Natural Disasters: Surviving the First 72 Hours
Those who live in earthquake prone areas are advised to prepare to survive for at least 72 hours following an earthquake. The actions of emergency responders and emergency managers is likewise critical in response to an earthquake, or any other type of disaster when life safety is of concern. EKU students had the opportunity to learn about actions required during this critical period during an emergency management forum in Oak Ridge, Tennessee, in mid-October. The forum, titled “The First 72 Hours: Preparation–Coordination–Response,” was sponsored by the U.S. Department of Energy Oak Ridge Office and Tennessee Emergency Management Agency.
The forum offered breakout sessions on a range of topics relating to the theme, such as making critical decisions in an emergency situation, integrating resources, utilizing technologies, and communicating with the public and emergency responders during power outages. Panelists discussed lessons learned from recent disasters, including ice storms that impacted the greater Central Tennessee region in February 2015, a train derailment that occurred in Blount County, Tennessee, and a mass shooting incident that occurred the same month in Chattanooga.
Maintaining communications was a common theme. For example, a representative from Verizon Wireless, Inc. discussed the company’s capabilities to provide wireless communications during disasters that include widespread power outages. Their main mission is to provide communications capabilities to not only first responders, but also to victims in the disaster area. They bring in various mobile facilities to provide internet and phone access to those who need to charge electronics, check email, call friends and family members, and file Federal Emergency Management Agency Individual Assistance claims. It goes without saying that this is a significant help in disaster-stricken communities, not only to their communications capabilities, but also in the overall morale of the community.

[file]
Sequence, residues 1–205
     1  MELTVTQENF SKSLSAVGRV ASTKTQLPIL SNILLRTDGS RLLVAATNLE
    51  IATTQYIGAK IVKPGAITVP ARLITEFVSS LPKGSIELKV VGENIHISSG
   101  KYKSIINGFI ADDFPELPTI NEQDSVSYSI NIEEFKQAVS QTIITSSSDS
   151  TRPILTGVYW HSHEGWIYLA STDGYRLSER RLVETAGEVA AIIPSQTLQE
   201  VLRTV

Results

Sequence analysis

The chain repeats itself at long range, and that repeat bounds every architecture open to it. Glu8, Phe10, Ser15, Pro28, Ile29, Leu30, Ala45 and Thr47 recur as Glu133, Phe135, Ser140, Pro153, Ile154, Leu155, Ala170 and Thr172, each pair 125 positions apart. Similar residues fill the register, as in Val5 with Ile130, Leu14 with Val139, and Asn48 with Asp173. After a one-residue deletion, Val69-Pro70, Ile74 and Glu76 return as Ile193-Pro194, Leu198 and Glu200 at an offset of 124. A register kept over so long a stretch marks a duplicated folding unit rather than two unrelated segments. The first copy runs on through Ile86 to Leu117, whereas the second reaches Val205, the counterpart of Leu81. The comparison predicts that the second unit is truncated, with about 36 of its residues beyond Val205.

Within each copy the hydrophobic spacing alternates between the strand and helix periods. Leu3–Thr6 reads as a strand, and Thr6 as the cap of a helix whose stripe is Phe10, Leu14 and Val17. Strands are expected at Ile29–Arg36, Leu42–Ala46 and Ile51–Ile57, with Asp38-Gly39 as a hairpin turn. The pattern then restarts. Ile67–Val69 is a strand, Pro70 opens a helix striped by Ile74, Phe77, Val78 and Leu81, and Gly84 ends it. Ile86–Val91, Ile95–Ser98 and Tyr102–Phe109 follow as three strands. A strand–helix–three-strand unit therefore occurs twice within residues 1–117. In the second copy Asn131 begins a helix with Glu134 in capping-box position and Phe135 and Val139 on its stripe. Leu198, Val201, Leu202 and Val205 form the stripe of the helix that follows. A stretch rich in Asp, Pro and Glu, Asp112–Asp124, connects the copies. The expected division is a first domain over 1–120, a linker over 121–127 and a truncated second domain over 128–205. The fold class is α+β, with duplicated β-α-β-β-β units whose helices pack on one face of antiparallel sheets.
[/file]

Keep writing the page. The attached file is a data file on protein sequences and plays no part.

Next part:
A separate, but related session focused on the use of social media during the first 72 hours of a disaster. The reality of social media will need to be faced by emergency managers, both now and in the future. Oak Ridge National Lab has a full-time position dealing with social media; however, many state and local agencies rely on public information officers or require that social media monitoring and communications by handled by others.
Social media has many advantages. It can serve as an almost instantaneous route of information that can reach almost everyone. Resources can be rallied at a moment’s notice, and warnings can be given rapidly to huge numbers of people and their families. Networks can be set up where people can check-in with families and friends, even with power outages. Disadvantages are that rumors often surface and “trolling” is a problem, although inaccuracies are typically corrected by users.
Overall, the Oak Ridge Emergency Management Forum provided professionals and students alike a unique education on efforts involved in managing disasters. The lectures gave the attendees valuable insight and perspective, particularly for the students in attendance who are pursuing careers in the field.
Contributing authors: Mr. Joseph Jones and Ms. Laura Derringer, EKU students enrolled in the undergraduate Homeland Security Program, and Dr. Chad Foster, assistant professor
Published on November 17, 2015